7. At least a portion of the money paid to Respondent by a purchaser constitutes consideration for participation in Respondent's pyramid scheme. In this regard, Respondent's brochure makes it clear that a participant who remits, for example, $6.95 when ordering a 20 oz. fire extinguisher, receives not only the product, but a distributor number and ten copies of the brochure to enable participation in the marketing program (see first quoted paragraph in Finding of Fact No. 2, supra).

  8. Respondent's president occasionally "allowed" a person to become a distributor without buying a product (Tr. 75). This was clearly an exception to his normal method of doing business, and the brochure did not even mention this possibility. A distributor was expected to buy a product and use it as a sample. However, even nonpurchasing distributors furnished valuable consideration to Respondent as a prerequisite to receiving commissions; they had to execute a distributor's contract, buy brochures, and secure additional buyer-distributors.

  9. Respondent keeps a record of all distributors in each of the five levels under each purchaser-distributor. A distributor may obtain a computer printout of the names of the distributors in his chain for a $.50 charge (Exh. 1).

  10. Since the degree of success of an individual distributor depends largely upon the number of distributors in his chain, his chance of success necessarily diminishes as the market becomes saturated with new distributors (Tr. 17).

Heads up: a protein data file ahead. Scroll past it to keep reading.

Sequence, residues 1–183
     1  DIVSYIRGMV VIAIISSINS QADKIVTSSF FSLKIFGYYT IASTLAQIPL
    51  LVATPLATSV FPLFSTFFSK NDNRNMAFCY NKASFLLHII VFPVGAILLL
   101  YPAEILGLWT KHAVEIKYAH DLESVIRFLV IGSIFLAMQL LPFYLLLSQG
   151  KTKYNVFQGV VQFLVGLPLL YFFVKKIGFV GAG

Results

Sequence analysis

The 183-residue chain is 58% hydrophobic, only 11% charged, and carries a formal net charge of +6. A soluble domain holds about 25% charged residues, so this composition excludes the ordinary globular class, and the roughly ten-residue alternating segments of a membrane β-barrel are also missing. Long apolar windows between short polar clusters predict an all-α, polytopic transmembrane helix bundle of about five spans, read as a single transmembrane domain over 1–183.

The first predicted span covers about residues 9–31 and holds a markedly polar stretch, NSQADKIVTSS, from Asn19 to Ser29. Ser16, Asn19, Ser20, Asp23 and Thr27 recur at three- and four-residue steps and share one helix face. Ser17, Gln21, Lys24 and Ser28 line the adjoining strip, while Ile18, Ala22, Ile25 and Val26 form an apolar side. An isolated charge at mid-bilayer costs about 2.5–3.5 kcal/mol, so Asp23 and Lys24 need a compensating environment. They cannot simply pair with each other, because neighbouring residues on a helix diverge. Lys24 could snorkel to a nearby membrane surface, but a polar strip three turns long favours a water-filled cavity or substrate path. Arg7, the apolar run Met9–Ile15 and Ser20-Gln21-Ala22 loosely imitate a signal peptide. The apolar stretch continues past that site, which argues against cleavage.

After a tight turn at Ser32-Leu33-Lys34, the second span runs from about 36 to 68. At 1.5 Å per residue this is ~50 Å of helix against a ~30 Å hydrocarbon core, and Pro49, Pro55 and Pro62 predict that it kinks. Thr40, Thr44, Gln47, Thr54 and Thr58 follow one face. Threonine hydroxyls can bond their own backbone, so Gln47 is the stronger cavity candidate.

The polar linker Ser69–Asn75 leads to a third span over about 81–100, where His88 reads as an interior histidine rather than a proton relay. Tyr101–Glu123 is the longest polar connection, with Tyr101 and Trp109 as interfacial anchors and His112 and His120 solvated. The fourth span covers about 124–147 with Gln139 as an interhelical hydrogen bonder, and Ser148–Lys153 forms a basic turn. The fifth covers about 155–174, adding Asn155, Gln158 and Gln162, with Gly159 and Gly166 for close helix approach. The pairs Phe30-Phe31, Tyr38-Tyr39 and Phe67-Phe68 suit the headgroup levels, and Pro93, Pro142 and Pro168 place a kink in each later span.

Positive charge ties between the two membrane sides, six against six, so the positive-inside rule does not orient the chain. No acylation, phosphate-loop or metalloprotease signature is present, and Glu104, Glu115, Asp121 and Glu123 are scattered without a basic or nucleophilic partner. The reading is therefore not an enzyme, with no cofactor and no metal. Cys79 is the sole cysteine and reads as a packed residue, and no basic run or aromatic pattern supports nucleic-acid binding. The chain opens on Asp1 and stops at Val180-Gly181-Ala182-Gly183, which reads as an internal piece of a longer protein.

11. Since Respondent began its business in May of 1981, it has acquired about 10,000 distributors (Tr. 66-68). During the time that the company has been in business, Respondent has paid out a total of about $10,000 in commissions to its distributors (Tr. 80-81). The most successful distributor has earned about $1,000, two others have earned about $500 each, and ten others have earned about $250 each (Tr. 80-81). These 13 individuals account for about $4,500 of the total commissions paid. The remaining $5,500 was disbursed by the company to the remaining 9,987 distributors earned an average of only $.55 in total commissions from Respondent.

  12. Respondent's marketing program constitutes a lottery or scheme for the distribution of money by chance.

Conclusions of Law

  1. The first issue for consideration is whether Respondent violated 39 U.S.C. 3005, which provides for a mail stop order when it is found that . . .any person is engaged in conducting. . . a lottery, gift enterprise, or scheme for the distribution of money or of real or personal property, by lottery =, chance, or drawing of any kind. . . .